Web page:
An Excerpt from The River and The Sea
The River and The Sea is told from the perspective of Jack Butler, one of three men slowly dying from cold and starvation in a ramshackle cabin on the Thelon River in Northern Canada in the winter of 1919-1920. One of the other men in the cabin is Edward Underhill, the husband of Jack’s former lover, Sarah Underhill.
A January morning. Terrible cold, terrible hunger. The constants. At the back of those constants, another. Her. Sarah. Far away, eight hundred miles to the south. I opened my eyes and there, across the cabin, her husband, Edward, wrapping rags of blanket around his legs, tying them on with twine from our old parcels. Edward, who had hardly been home a month before planning to leave again. Pulling the capote down over himself, picking up the .303. Outside the north wind roared on. At the door he stopped, his hand on the wooden latch, and looked back, his eyes going around the walls, over the table with its mass of sorted bones, on to Harry in his bunk, his face to the wall. He came to me and saw me awake.
‘I’m going out,’ he said. Quietly, to not waken Harry I suppose. ‘You never know.’ His tongue moved across the cracked lips. ‘One can’t just stay here.’ I had nothing to say to him, and after a while he turned away again to the door and raised the latch. I waited to hear him say some last, ridiculous, thing. ‘Keep resting your foot,’ he said. Then, ‘It must be hell not to be able to get about.’ Everything was hell. Edward, this is a world of frozen hell.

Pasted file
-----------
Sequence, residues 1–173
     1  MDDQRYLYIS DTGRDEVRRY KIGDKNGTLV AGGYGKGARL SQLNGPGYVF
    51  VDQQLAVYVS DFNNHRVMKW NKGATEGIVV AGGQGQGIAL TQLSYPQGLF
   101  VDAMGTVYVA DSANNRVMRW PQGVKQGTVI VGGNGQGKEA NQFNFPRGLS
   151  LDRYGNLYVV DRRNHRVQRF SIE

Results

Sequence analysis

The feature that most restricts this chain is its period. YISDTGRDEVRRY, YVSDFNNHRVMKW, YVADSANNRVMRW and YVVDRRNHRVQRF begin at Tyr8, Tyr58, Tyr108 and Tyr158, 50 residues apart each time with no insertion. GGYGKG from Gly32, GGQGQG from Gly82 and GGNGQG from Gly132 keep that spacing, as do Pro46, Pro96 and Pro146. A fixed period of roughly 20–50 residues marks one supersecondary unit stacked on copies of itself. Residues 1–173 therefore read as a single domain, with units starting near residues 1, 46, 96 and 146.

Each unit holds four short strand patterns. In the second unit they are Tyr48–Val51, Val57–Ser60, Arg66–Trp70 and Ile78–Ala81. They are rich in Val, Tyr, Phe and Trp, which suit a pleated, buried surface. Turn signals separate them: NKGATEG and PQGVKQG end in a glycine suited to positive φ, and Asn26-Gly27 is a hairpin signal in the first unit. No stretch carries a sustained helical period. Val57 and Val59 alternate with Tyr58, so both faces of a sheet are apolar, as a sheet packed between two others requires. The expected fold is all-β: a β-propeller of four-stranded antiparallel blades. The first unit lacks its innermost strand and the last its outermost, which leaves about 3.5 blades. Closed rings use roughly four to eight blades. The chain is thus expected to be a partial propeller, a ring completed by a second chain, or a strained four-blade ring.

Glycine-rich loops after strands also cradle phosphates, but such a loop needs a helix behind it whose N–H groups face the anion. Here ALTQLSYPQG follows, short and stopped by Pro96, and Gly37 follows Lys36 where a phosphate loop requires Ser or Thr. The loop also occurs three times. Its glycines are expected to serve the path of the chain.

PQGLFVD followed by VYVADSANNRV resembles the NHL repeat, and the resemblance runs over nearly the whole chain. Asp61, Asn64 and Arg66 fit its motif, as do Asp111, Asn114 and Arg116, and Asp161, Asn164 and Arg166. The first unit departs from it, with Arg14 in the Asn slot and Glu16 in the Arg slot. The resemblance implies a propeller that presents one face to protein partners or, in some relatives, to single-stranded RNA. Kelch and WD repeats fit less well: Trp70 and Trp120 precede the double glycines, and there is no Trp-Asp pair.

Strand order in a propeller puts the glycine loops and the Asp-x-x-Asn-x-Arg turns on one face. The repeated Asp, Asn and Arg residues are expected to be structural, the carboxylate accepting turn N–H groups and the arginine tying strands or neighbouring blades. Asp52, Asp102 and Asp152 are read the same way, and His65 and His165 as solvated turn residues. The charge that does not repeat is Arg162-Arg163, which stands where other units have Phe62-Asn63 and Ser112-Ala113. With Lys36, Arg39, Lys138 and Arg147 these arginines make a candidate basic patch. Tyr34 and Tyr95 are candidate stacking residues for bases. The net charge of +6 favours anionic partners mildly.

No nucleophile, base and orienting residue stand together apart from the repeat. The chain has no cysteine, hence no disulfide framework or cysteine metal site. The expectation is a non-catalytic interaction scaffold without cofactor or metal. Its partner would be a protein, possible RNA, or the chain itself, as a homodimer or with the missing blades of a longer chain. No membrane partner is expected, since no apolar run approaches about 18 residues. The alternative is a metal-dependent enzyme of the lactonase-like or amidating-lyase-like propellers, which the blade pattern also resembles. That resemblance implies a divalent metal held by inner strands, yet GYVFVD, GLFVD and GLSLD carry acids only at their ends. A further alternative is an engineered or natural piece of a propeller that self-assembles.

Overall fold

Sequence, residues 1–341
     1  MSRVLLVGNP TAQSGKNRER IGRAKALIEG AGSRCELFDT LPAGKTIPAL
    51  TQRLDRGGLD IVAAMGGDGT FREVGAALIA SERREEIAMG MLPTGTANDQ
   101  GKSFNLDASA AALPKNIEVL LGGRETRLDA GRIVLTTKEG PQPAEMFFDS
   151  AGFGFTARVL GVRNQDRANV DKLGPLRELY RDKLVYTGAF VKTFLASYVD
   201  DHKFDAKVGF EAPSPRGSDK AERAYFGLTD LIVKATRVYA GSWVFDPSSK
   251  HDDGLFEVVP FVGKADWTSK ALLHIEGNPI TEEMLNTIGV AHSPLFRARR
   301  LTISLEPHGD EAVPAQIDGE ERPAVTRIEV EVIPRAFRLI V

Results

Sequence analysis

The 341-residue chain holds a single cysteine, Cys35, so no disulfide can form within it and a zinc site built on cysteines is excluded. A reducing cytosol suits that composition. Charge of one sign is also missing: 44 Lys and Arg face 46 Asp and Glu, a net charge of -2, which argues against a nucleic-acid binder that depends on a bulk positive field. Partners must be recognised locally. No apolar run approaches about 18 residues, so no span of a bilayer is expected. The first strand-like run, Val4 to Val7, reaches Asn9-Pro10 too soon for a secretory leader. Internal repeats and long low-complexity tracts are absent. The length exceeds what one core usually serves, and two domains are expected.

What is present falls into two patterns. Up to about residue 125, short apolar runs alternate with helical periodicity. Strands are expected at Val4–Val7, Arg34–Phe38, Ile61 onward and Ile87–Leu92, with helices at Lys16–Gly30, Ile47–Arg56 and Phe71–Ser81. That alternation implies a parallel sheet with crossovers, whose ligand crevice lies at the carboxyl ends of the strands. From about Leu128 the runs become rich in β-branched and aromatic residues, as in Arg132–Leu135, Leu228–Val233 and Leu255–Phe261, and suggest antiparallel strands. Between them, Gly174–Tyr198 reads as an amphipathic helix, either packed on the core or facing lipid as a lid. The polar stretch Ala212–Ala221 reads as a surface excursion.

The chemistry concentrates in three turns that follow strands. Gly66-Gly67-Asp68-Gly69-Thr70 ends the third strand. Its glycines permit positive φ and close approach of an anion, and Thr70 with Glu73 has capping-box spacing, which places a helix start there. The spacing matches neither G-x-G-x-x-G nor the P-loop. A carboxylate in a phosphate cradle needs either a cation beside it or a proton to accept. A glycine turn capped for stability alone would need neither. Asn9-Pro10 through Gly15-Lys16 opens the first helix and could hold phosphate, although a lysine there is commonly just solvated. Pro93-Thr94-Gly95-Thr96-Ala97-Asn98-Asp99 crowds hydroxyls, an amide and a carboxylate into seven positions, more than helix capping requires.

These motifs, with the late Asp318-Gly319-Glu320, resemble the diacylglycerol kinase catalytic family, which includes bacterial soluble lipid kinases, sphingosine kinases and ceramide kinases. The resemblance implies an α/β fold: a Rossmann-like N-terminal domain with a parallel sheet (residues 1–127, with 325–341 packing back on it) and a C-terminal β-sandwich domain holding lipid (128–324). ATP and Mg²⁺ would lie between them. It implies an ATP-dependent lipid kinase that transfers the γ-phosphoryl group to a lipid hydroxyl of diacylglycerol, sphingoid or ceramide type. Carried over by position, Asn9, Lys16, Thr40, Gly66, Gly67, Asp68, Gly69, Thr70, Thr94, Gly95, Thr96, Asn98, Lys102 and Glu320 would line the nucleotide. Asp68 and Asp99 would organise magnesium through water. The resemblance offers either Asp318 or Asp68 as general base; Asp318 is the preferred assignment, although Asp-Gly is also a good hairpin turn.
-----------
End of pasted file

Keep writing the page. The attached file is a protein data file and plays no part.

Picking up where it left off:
Two years before, in the last year of the Great War, Sarah Underhill is driving Jack Butler to Footner, hoping he will stay there and work on her land and that of her neighbours. Jack may have other ideas.
She worked at her long dark hair where it had been pinned up. ‘My name’s Sarah,’ she said. She held out a hand. ‘Sarah Underhill. Mrs Sarah Underhill.’ I sat and looked back at her, at the extended hand, at her quiet expression, at how she had strung out this information. I took the hand and shook it.
‘Just Jack Butler.’
‘Ah, just Jack Butler.’
A man came out with a tray with a tea pot and cups and a saucer with slices of lemon. There was a plate of sandwiches. He put the tray on the table. As he straightened again he looked at me, and kept looking, and then went indoors again.
‘Footner is such a small place. But it’s got its own charms. It’s also a very new place, which is one reason why we are more short of able men than most.’ She poured tea into a cup and passed it to me. Those hands were not as pale as I’d imagined them, but square and strong and capable. ‘That and the high rate of recruitment. We have been very patriotic. Help yourself to the sandwiches.’ It was cool here on the porch, in the shade, the road in front empty, the lake water lapping across the way, two or three canoes far out, men fishing. The sandwiches were salmon and cucumber. I took another. The sky so blue, soft small white clouds crossing it.
‘A pretty spot,’ she said. The shore here was thick with trees, birch and poplars and aspens as well as pines but the hills just above were as dry as before. ‘You know, when you spoke of enlisting…’ she said, and then stopped. ‘What did you think I was thinking?’